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Stress Relieve & Normalise

Stress Relieving

Stress relieving is applied to both ferrous and non-ferrous alloys and is intended to remove internal residual stresses generated by prior manufacturing processes such as machining, cold rolling and welding. Without it, subsequent processing may give rise to unacceptable distortion and/or the material can suffer from service problems such as stress corrosion cracking. The treatment is not intended to produce significant changes in material structures or mechanical properties, and is therefore normally restricted to relatively low temperatures.

Carbon steels and alloy steels can be given two forms of stress relief:

Non-ferrous alloys are stress relieved at a wide variety of temperatures related to alloy type and condition. Alloys that have been age-hardened are restricted to stress relieving temperatures below the ageing temperature.

Austenitic stainless steels are stress relieved below 480°C or above 900°C, temperatures in between reducing corrosion resistance in grades that are not stabilised or low-carbon. Treatments above 900°C are often full solution anneals.

Normalising

Applied to some, but not all, engineering steels, normalising can soften, harden or stress relieve a material, depending on its initial state. The objective of the treatment is to counter the effects of prior processes, such as casting, forging or rolling, by refining the existing non-uniform structure into one which enhances machinability/formability or, in certain product forms, meets final mechanical property requirements.

A primary purpose is to condition a steel so that, after subsequent shaping, a component responds satisfactorily to a hardening operation (e.g. aiding dimensional stability).

Normalising consists of heating a suitable steel to a temperature typically in the range 830-950°C (at or above the hardening temperature of hardening steels, or above the carburising temperature for carburising steels) and then cooling in air. Heating is usually carried out in air, so subsequent machining or surface finishing is required to remove scale or decarburised layers.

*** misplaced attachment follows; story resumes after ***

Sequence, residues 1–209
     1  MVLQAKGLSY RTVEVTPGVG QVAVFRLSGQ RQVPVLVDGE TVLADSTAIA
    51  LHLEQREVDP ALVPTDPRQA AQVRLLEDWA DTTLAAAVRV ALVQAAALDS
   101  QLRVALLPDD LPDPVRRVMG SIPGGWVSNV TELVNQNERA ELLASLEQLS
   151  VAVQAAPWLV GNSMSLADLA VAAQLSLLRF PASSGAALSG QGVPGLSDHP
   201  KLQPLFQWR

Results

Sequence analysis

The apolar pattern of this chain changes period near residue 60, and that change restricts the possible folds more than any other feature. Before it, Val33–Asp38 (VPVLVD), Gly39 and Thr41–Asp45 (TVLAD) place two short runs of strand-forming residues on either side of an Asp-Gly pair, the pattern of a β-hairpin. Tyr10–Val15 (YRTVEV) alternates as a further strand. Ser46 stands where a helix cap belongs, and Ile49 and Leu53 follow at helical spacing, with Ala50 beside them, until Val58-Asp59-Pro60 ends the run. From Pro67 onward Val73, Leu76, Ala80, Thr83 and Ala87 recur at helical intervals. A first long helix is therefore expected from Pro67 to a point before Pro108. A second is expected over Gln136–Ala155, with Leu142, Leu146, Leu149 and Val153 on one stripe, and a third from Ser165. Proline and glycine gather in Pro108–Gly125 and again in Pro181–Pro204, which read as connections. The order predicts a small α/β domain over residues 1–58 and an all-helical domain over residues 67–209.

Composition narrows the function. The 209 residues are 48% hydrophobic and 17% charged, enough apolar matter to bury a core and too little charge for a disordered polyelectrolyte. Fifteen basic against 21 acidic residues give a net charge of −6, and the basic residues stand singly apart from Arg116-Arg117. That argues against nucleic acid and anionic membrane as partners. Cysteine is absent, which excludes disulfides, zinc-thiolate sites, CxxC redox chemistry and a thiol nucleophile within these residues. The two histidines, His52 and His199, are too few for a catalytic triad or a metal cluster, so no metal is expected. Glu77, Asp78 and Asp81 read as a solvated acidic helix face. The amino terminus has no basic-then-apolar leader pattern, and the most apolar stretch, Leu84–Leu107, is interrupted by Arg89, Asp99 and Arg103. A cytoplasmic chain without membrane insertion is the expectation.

Air-hardening steels (e.g. some automotive gear steels) are often "tempered" (subcritically annealed) after normalising to soften the structure and/or promote machinability. Many aircraft specifications also call for this combination of treatments. Steels that are not usually normalised are those which would harden significantly during air cooling (e.g. many tool steels), or those which gain no structural benefit or produce inappropriate structures or mechanical properties (e.g. the stainless steels).

What Are The Benefits?

Stress relieving, normalising and annealing all prepare metals and alloys for further processing or for the intended service conditions. They control the ability of materials to be machined with ease, perform without distortion in service, be formed without cracking or splitting, be subsequently hardened or carburised with minimal distortion, or to resist corrosive environments.

What Sort of Materials Can Be Treated?

All commercial alloys can be annealed and stress relieved. Normalising is restricted to certain steels for the reasons indicated above.

What Are the Limitations?

What Problems Could Arise?

How Do I Specify?

All of the following information should be included if possible. If uncertain, ask your heat treater before producing a specification:

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